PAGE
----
Your guide to the three-night Native music festival
By Jessica Cassyle Carr
It’s been four years since Navajo and Hopi guitarist and vocalist JJ Otero co-founded the first annual Rock The 9 Native Music Festival in Albuquerque. This year the seasoned festival, which unofficially coincides with the Gathering of Nations, takes place over three nights at Low Spirits. Here’s the complete, illustrated schedule for the fest.
Dance, meditate, muse, romance, reflect and boogie
By Mel Minter
Anyone who thinks jazz is dead is obviously not on the email lists of music publicists. Press releases for new recordings swamp the inbox daily. Here’s a handful of recent local and national releases, culled from the flood, that deserve attention.
Random tracks from North America’s Josh and Jesse Hasko
By Jessica Cassyle Carr
Twin brothers Josh and Jesse Hasko are the post-dance, psych rock duo North America. On Friday, April 29, the Albuquerque band hosts its spring/summer tour Push Off Party at The Kosmos (1715 Fifth Street NW). The show starts at 9 p.m., admission is $5 and The Fertile Crescent opens. Peer into the Haskos’ shared music collection via the random tracks below.
The “sheeeeeeeee ... wwwuuuhhh” of filmic astronaut breath might be among the sounds you hear at Blackbird Buvette (509 Central NW) on Tuesday, May 3, beginning at 10 p.m. The free show features the psychedelic sounds of Minneapolis’ Daughters of the Sun and local noise purveyors Luperci, Black Leaf #40 and Alan George Ledergerber. (Jessica Cassyle Carr)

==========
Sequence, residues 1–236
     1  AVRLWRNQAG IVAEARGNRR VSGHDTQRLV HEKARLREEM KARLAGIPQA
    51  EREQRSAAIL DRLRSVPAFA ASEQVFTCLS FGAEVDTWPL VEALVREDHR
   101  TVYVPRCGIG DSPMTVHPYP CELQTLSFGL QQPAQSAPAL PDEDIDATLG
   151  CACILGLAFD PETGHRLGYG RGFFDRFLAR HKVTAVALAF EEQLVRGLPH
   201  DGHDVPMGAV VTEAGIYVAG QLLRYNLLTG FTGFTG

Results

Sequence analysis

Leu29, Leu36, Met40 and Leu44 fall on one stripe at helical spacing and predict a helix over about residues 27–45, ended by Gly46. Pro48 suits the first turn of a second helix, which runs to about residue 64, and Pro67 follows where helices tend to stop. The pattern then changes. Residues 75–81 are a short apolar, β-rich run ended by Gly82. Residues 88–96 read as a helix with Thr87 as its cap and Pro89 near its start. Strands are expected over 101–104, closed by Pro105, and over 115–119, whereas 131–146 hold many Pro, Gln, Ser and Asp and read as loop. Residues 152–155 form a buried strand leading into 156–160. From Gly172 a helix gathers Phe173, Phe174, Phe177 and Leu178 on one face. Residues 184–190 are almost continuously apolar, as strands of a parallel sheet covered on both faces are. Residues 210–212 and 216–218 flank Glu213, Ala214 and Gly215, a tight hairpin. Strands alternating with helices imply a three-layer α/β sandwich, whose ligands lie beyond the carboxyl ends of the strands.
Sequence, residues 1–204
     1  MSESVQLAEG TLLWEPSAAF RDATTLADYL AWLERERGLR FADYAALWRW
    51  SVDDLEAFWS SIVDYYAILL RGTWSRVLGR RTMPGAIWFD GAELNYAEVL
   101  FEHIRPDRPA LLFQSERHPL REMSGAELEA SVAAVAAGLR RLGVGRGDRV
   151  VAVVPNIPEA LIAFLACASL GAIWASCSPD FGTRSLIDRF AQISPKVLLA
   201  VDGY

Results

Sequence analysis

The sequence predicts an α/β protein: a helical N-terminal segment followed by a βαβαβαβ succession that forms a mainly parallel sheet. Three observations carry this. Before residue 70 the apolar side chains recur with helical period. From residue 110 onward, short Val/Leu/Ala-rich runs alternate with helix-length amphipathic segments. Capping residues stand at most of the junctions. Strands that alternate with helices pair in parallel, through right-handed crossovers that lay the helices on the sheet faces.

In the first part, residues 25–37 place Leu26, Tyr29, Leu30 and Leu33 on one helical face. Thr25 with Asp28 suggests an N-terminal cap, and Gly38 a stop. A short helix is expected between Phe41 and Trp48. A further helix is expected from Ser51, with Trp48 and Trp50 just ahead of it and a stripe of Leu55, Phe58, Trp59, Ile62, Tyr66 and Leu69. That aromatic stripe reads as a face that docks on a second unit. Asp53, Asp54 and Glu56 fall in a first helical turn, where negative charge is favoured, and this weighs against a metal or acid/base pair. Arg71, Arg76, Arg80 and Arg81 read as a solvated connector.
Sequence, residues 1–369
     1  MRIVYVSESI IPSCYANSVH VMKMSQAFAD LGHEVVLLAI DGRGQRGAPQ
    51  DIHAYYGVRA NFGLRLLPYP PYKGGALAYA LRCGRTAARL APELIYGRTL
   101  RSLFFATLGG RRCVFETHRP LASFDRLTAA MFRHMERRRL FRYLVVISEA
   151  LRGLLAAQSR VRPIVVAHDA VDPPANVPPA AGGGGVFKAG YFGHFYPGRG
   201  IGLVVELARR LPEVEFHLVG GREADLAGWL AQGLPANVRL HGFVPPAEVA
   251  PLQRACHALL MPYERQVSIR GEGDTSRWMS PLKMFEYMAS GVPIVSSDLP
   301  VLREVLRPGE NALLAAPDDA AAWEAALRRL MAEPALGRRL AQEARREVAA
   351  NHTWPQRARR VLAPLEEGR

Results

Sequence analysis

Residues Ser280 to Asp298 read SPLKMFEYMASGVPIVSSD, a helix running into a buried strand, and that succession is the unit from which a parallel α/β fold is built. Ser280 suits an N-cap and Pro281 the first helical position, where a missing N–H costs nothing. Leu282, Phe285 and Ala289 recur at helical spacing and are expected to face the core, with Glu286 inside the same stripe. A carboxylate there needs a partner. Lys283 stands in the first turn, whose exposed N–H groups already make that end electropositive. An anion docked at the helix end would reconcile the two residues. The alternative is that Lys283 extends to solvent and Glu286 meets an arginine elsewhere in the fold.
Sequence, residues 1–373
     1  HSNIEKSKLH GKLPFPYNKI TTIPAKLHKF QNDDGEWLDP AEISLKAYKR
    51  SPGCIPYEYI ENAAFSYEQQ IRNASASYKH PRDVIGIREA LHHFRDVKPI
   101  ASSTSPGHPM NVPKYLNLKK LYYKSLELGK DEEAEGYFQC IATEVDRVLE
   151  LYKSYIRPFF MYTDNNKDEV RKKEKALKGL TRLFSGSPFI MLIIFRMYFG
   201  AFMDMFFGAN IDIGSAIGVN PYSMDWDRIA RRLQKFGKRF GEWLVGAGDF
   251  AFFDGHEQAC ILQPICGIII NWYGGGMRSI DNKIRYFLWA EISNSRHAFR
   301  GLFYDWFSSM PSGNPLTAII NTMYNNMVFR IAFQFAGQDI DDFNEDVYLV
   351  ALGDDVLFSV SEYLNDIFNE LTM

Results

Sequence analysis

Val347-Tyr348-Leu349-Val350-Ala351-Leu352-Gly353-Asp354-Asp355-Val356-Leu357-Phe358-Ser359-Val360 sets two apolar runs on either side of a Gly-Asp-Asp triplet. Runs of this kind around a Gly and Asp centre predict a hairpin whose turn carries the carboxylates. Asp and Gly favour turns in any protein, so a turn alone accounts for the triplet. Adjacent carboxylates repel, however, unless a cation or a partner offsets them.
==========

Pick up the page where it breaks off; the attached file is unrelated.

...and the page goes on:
Now, on the other hand—and as opposed to your parent's music which you claim to have no knowledge of whatsoever—you probably have heard of the Descendents. The quartet from the beautiful yet threatening beach is ripping it up at Sunshine Theater on Friday, Nov. 16 at 8pm. The band claims rights to a lineage of punk rock from the OC and surrounding area that pretty much branched off from hardcore units in the early '90s to produce a more pop-flavored, personally emotional form of the genre. Their brand of music heavily influenced monstrosities like Jimmy Eat World and Blink-182 as well as perhaps birthing the ultimate in abysmal entities, a thing we'll call emo for the sake of convenience. But before they did profound damage to millions of Californios and as-of-then unborn potential rockers, they did produce some pretty epic songs. Besides that, their front man, Milo Auckerman and his compadres, Bill Stevenson, Karl Alvarez and Stephen Egerton are probably responsible for thousands of totally sick skateboarding injuries over the years due to turned out tuneage like “Myage,” “I'm Not a Loser,” “Cameage,” “Uranus” and my all time favorite, “Clean Sheets.” Just 27 bones gets you in to this 13+ gig. Fuck it dude, life's a risk.